What is the meaning of this city? Do you huddle together because you love each other? What will you answer? ‘We all dwell together to make money from each other’? or ‘This is a community’?
That is a good question to ask – both in London and Hong Kong. What is the meaning of our cities? If we simply dwell together to make money from each other, then we only need the peace that keeps us safe – the peace, which means “no violence”. But Jesus invites us into a deeper peace. It involves fellowship with God and with neighbour. It draws us together, not merely because we are useful to each other, because we can cut a deal and make some money, but because we see in one another the image of God.
While I have been in Hong Kong, I have seen the many ways in which the church seeks the welfare –the shalom – of this city. I have seen the way this Cathedral and the wider Province offers space for inner peace, and takes practical action to help those in greatest need.
Inner peace and practical action go together. We see the connection right here, at this Eucharist, for at this altar that we receive God’s greatest gift of peace. In bread and wine we are drawn into Jesus Christ, whose death on the cross wins us peace with God, and draws us into fellowship with one another. At this service, we don’t just sit in our individual seats, we take communion together – we walk forward together, we kneel together, we drink from the same cup.
The bread and wine used in communion comes from the earth, and is produced by human work. It shows us how God wants to use all the things we grow and make. Every good gift – food and drink, homes and wealth – is given to us so that we can grow together in fellowship and love. Our sharing of bread and wine is a sign of that shalom to which God is calling us here on earth, and which will be made complete in heaven. It changes us from strangers into friends, who recognise in one another the face of Jesus Christ.
We come to God together, which is why we share the Peace before we receive communion. To share the Peace you have to open your hands, just as you have to open your hands to receive Jesus Christ at the communion rail. We receive God when we have open hands and open hearts.
And we are not just called to open our hands in church. At the end of the service we pray Send us out in the power of your Spirit to live and work to your praise and glory. God calls to open our hands to those in need in our daily life and work. In Deuteronomy, God tells his people: “Do not be hard-hearted or tight-fisted towards your needy neighbour. You should rather open your hand, willingly lending enough to meet the need, whatever it may be.”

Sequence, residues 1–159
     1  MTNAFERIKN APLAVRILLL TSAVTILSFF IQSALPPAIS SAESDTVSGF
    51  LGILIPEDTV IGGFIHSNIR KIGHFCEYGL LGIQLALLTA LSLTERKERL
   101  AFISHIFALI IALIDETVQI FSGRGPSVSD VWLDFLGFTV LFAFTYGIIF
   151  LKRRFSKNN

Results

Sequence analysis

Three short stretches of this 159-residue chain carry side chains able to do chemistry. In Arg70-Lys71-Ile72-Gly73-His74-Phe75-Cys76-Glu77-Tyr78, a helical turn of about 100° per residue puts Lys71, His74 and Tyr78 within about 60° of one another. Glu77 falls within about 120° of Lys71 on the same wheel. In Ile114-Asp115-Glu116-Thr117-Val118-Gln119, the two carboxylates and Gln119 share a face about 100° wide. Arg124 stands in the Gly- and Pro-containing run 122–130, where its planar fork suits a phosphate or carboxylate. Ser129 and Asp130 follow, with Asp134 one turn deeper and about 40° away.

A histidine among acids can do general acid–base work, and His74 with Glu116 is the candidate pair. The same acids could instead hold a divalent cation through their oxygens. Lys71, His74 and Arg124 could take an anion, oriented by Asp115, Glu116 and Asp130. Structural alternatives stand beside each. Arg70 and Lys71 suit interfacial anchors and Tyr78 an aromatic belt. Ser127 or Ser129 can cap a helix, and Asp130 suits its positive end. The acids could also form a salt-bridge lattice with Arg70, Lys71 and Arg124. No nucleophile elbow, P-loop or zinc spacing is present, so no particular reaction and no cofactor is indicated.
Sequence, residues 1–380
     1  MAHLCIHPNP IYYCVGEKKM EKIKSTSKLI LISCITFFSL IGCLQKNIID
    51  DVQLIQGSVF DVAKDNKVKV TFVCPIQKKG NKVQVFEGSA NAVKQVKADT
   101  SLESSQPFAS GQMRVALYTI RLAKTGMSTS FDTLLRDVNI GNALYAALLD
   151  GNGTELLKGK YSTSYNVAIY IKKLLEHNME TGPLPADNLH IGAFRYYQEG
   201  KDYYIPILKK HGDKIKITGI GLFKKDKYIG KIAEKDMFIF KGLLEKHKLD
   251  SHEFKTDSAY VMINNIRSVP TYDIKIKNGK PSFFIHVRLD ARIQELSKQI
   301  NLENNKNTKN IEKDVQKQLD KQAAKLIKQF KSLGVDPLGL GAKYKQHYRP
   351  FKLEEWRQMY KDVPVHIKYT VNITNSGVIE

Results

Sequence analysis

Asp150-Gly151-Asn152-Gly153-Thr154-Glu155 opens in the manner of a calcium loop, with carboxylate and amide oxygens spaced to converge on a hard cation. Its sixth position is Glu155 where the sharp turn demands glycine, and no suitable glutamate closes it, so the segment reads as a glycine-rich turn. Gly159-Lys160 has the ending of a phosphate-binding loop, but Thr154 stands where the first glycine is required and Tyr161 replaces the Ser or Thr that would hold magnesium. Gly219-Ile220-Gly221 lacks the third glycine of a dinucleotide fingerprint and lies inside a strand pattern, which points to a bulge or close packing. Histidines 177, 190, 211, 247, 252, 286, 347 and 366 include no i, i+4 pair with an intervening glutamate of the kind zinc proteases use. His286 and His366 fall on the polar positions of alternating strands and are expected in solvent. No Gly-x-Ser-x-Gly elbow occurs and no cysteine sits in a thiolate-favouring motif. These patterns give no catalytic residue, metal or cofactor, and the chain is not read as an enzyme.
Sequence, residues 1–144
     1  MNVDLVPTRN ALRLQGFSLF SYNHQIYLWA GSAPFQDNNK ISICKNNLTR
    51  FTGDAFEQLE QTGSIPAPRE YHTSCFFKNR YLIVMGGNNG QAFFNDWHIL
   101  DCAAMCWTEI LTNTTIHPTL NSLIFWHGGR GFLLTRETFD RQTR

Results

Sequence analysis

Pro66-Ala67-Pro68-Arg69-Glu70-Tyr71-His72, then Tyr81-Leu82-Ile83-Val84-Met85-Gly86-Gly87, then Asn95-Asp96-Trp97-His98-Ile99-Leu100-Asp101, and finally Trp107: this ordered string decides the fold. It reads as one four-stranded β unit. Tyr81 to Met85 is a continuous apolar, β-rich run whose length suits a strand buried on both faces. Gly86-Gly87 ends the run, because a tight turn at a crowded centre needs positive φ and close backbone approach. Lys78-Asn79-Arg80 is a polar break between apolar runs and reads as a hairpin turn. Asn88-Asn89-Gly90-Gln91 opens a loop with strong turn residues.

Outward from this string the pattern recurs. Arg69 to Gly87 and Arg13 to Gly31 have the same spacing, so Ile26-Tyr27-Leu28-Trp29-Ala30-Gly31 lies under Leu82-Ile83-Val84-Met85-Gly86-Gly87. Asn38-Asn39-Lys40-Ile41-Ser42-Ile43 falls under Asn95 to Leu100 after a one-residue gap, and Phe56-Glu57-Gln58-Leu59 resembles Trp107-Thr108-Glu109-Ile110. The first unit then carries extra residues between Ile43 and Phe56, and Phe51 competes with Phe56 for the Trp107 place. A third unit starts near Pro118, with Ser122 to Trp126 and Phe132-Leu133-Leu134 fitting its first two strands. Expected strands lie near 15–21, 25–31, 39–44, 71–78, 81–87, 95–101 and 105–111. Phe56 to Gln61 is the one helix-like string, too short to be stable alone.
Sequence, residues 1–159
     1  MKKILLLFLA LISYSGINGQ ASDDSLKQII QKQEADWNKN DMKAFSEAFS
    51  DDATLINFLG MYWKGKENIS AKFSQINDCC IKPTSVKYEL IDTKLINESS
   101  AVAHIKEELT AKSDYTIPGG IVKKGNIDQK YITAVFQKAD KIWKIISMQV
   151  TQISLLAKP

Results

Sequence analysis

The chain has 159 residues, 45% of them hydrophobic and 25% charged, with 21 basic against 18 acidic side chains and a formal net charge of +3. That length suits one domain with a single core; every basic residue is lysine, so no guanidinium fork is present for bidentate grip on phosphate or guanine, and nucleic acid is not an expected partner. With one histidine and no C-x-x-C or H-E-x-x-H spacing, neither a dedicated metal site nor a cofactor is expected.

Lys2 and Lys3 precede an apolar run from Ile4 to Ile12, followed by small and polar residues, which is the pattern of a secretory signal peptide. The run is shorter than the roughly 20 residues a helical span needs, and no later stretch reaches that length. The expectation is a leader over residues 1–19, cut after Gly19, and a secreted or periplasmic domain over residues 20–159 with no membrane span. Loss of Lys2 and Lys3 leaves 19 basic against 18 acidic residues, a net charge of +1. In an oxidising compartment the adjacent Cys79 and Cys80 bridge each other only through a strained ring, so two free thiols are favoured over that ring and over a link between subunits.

When we open our hands to someone else who is in need, we once again meet God. Jesus tells us that when we feed the hungry, clothe the naked and visit those in prison, we meet him in those very people. Jesus tells us he is present in the poor, that the Kingdom of God first of all belongs to them.
What is the meaning of this city? If we want to see London, or Hong Kong as Jesus sees it, we must start by asking how it looks to its poorest inhabitants. In their shalom, their welfare and peace, our cities will find the peace of God.
We cannot, of course, do any of this in our own strength. Sometimes when we talk about the Kingdom of God, it seems so perfect, so ideal, that it is hard to relate it to our daily lives. But Jesus tells us another story, to encourage us. He says that the Kingdom of God is like a mustard seed: that God takes the tiny bit of faith and love we offer, and makes it into something great. So I invite you to ask yourself three questions
• Firstly, where do I feel most deeply at peace, and sense God’s presence with me?
• Secondly, where do I encounter people who are different from me, and have an opportunity to turn strangers into friends?
• Thirdly – whether I am rich or poor, how can I serve Jesus in my neighbour who is in need, and work with Jesus to build a more just and generous city?
In answering these questions, we begin to see where God’s Kingdom is already dawning in our lives – where his Spirit is at work. This will help us to work out how to take the next step, how to build on what he is already doing, on where he is already present. Nothing is too small to be the starting point on this journey of faith. From tiny mustard seeds, he can make great things. Amen.